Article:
The fruit itself

I had meant to do something else for my first blog post but this observation was too funny to pass up.

So, in my seminar someone offhandedly referred to the fruit of The Tree of Knowledge of Good and Evil (loquacious, innit?) as an apple, as is the popular conception. Of course, nowhere in the text does it state that it is an apple, so where does this stem from? Obviously the apple is (at least in Western Culture) the quintessential fruit, and one most associated with intellectualism and thus the transgression that implies (Newton’s apple, teacher’s apple, apple a day keep the doctor away). But later that day, while I was eating potato chips at the bus stop (I’m that guy, yes) I noticed that the French referred to it as pomme de terre, fruit/apple of the earth.

In Hebrew the fruit is referred to as Ha’adamah, fruit of the earth. Given that French is a Romantic language and early Christian translations of the Bible were in latin, it’s easy to see where the conception of it being an apple comes from.

Except that pomme de terre also means potato.

The forbidden fruit, with all the eroticism, transgression, and liberation that it implies for humanity, that which caused The Fall and our expulsion from Paradise, Original Sin, was a potato.

A potato.

Just picture it, a nude rosy cheeked Eve in the hue of youth, flush with the overwhelming discovery of knowledge and of her own latent sexuality, with the tempting serpent coiled round her shoulder in an insidious seduction, voluptuously, sensually, taking a bite out of a potato, before passing it on to Adam.

But if potatoes confer knowledge of good and evil, what is the fruit of The Tree of Life?



The Book of Genesis and Oneness in Judeo-Christian Culture

The second set of readings for the #ArtsOne course was the Book of Genesis and Kant’s Conjectural Beginning. The Book of Genesis translation which we were assigned to read was Robert Alter’s 2004 version.

As I was reading Genesis this morning, I kept stumbling upon this tension between unity and individuality. I noted evidence of this tension in Kant’s commentary on Genesis as well.

Here are some of my notes pertaining to instances where I think there might be a move away from unity/oneness towards individuality in Genesis:

1:26 – “our image” – god creates humans in “our image” not in his image, which leads me to believe that he is creating humans in this image of “the good”, as all his creation before (plants etc. etc.) had been deemed “good” by the creator. “Our” implies that others are part of the creation process – meaning that all that he has created is also part of his image, and humans, made in his image, are part of everything else he’s created as well. The pronoun “our” suggests an inter-connectivity.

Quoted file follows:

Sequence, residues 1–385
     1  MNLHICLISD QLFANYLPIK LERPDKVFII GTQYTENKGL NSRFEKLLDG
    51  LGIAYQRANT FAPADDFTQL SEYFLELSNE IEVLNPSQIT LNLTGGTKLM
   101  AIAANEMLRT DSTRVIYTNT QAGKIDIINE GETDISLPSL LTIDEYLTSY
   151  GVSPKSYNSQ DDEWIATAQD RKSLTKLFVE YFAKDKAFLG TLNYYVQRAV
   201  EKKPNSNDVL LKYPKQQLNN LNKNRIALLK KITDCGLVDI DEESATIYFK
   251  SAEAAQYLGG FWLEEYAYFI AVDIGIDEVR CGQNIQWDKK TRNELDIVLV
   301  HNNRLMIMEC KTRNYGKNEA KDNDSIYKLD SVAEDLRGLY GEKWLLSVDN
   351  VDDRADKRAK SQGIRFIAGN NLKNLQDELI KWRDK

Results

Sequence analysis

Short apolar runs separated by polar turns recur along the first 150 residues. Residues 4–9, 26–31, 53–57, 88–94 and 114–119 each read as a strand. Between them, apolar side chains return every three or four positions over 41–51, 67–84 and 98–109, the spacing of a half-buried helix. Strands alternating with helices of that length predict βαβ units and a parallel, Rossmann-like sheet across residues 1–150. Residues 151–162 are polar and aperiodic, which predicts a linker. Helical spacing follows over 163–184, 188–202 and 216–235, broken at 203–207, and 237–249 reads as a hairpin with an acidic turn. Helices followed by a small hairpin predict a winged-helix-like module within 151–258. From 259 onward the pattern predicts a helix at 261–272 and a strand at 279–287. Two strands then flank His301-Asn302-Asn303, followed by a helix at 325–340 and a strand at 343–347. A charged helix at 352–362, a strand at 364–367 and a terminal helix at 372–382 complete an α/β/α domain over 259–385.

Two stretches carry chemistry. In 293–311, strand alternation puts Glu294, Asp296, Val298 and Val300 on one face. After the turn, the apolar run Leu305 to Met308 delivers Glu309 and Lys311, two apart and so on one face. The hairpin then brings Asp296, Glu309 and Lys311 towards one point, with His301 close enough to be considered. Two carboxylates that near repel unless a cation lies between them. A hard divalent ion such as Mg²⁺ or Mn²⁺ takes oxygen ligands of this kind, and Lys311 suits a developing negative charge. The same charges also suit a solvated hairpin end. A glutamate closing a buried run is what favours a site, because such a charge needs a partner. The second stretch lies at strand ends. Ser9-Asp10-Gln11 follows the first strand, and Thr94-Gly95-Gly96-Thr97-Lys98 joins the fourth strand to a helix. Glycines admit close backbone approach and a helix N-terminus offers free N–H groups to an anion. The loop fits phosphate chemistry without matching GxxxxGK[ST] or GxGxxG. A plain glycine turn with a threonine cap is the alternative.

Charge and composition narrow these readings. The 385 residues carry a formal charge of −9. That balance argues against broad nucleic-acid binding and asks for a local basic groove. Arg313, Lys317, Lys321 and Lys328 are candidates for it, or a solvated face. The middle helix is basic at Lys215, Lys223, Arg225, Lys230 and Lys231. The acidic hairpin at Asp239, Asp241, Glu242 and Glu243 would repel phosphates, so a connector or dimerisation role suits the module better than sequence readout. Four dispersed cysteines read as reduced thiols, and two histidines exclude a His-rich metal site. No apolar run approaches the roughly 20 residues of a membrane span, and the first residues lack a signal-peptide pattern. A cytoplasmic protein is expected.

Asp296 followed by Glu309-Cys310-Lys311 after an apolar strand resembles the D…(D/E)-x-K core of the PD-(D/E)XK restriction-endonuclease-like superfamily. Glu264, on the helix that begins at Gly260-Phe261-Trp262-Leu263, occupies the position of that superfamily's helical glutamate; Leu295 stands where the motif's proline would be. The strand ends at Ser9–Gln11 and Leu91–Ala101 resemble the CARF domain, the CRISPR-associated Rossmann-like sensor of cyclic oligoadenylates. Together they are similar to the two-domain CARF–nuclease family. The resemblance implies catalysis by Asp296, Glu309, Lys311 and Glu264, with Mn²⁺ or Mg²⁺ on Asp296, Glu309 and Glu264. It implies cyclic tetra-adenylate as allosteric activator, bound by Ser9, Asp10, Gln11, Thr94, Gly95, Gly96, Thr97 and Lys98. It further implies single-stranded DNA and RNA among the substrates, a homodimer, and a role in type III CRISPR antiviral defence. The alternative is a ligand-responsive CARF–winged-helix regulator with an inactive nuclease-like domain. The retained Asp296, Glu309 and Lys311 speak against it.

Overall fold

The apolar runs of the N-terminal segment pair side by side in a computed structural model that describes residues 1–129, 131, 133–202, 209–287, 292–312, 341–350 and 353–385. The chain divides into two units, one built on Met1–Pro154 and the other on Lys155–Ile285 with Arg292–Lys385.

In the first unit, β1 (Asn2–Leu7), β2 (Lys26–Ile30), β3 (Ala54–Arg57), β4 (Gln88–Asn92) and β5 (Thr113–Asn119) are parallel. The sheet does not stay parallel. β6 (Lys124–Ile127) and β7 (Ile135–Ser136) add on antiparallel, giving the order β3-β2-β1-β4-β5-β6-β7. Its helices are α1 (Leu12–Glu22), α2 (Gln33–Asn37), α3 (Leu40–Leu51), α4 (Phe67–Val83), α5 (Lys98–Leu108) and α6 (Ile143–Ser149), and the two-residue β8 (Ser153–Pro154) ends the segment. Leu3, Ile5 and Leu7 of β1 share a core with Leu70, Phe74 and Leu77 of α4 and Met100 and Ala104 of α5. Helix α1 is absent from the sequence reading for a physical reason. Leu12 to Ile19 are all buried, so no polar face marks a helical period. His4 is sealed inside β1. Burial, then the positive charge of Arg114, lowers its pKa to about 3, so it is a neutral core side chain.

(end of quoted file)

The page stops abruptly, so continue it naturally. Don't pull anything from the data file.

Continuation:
Around 1:27 – Alter notes that there is controversy over the translation of the pronoun representing Adam. Could Adam be androgynous before his rib is used to make Eve? The transfer of the rib is itself a hint at a sense of oneness, and the idea that Adam is androgynous before this (which Alter seems to reject under the pretext that it unleashes “dizzying paradoxes”) would mean that much like the way god divides in Book 1 of Genesis (in all honesty a lot of the first chapter of Genesis should be mentioned here), the creation story is about a crumbling, or falling apart of a unity.

2:18 the use of the word “sustainer” – suggests a sort of loneliness inherent in humans – they are not really part of the inter-dependency of the animal world.

9:? Following the Fall, further indication of humans being separated from the oneness of creation becomes apparent. I noted that in chapter 9 Alter suggests that the way that humans move towards a carnivorous diet suggests that humans are exercising a sort of inner violence upon the animal kingdom – the notion of ruling over the animal kingdom is also apparent, Kant notes, in 8:114.

Chapter 10 – The Tower of Babel is a pretty well-discussed instance of human dis-unity. Once united under a similar language, humans loose that sense of collective when they are punished for trying to build a tower to the heavens. Babel could be seen as the real end of unity – humans are isolated individuals

The Fall can really be seen as the turning point between unity and individualism. I think that this tension and sense of duality should be examined further considering that a lot of what modern spiritualism promotes is re-aligning oneself with the oneness of the universe. Many stories in the Bible have this inherent individualism that I’m sure makes many skeptical. – I’ll explore this more in my essay

Just some thoughts, nothing to be taken too seriously. nothing should ever be taken too seriously relaly.